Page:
mucilage

noun
mu·​ci·​lage | \ ˈmyü-s(ə-)lij How to pronounce mucilage (audio) \

Definition of mucilage

1 : a gelatinous substance of various plants (such as legumes or seaweeds) that contains protein and polysaccharides and is similar to plant gums
2 : an aqueous usually viscid solution (as of a gum) used especially as an adhesive

Examples of mucilage in a Sentence

Recent Examples on the Web One day in July, the mucilage suddenly disappeared. Jenna Scatena, The Atlantic, 18 Dec. 2021 But in the early 2000s, marine mucilage started breaking out pretty much every year, which scientists, in a 2009 paper, linked to climate change. Sarah Zhang, The Atlantic, 21 June 2021 The mucilage is spreading to the Black Sea and the Aegean, said Mr. Kesici, the hydrobiologist. New York Times, 9 July 2021 The problem first came to light in November, when Mr. Sari was flooded with urgent calls from local fishermen about the mucilage. New York Times, 9 July 2021 Turkey has seen a growing layer of marine mucilage drying and decomposing on the Sea of Marmara's surface for the last several months. Theresa Machemer, Smithsonian Magazine, 22 June 2021 Reducing pollution would likely remove the root of the problem; mucilage outbreaks in the Adriatic Sea have become less common since Italy began treating its wastewater, per the Atlantic. Theresa Machemer, Smithsonian Magazine, 22 June 2021 But pollution alone doesn’t explain the appearance of so much sea snot—or marine mucilage, to use the scientific term. Sarah Zhang, The Atlantic, 21 June 2021 Cutting into okra releases the mucilage, a natural sugar-protein substance that thickens when heated. Casey Barber, CNN, 18 June 2021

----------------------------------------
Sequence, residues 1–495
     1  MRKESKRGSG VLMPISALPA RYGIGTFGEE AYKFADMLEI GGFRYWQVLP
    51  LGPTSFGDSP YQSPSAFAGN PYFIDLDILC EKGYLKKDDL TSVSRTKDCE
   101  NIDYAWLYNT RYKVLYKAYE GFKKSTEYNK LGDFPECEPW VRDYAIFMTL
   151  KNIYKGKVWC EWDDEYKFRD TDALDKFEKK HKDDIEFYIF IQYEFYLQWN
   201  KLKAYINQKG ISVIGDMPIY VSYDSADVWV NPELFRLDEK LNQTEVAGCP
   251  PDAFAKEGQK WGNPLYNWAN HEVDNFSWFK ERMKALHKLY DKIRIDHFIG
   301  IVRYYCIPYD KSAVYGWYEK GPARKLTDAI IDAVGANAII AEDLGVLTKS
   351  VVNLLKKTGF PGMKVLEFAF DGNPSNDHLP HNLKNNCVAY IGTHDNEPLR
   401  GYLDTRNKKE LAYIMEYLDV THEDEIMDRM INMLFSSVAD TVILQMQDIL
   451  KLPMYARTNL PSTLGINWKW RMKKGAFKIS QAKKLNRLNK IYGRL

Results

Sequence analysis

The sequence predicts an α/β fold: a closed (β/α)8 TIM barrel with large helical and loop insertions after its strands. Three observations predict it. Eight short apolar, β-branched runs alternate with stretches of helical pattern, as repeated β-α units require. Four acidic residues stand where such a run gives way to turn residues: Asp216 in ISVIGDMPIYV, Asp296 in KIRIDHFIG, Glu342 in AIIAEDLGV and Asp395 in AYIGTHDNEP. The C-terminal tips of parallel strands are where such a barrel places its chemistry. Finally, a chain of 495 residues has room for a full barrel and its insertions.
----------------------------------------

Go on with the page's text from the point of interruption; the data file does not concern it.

These example sentences are selected automatically from various online news sources to reflect current usage of the word 'mucilage.' Views expressed in the examples do not represent the opinion of Merriam-Webster or its editors. Send us feedback.

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First Known Use of mucilage

15th century, in the meaning defined at sense 1

History and Etymology for mucilage

Middle English muscilage, from Late Latin mucilago mucus, musty juice, from Latin mucus

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Time Traveler for mucilage

Time Traveler

The first known use of mucilage was in the 15th century

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Dictionary Entries Near mucilage

mucific

mucilage

mucilage cell

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Statistics for mucilage

Last Updated

16 Jan 2022

Cite this Entry

“Mucilage.” Merriam-Webster.com Dictionary, Merriam-Webster, https://www.merriam-webster.com/dictionary/mucilage. Accessed 19 Jan. 2022.

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More Definitions for mucilage

mucilage

noun
mu·​ci·​lage | \ ˈmyü-sə-lij How to pronounce mucilage (audio) \

Kids Definition of mucilage

: a water solution of a gum or similar substance used especially to stick things together

mucilage

noun
mu·​ci·​lage | \ ˈmyü-s(ə-)lij How to pronounce mucilage (audio) \

Medical Definition of mucilage

1 : a gelatinous substance of various plants (as legumes or seaweeds) that contains protein and polysaccharides and is similar to plant gums
2 : an aqueous usually viscid solution (as of a gum) used in pharmacy as an excipient and in medicine as a demulcent

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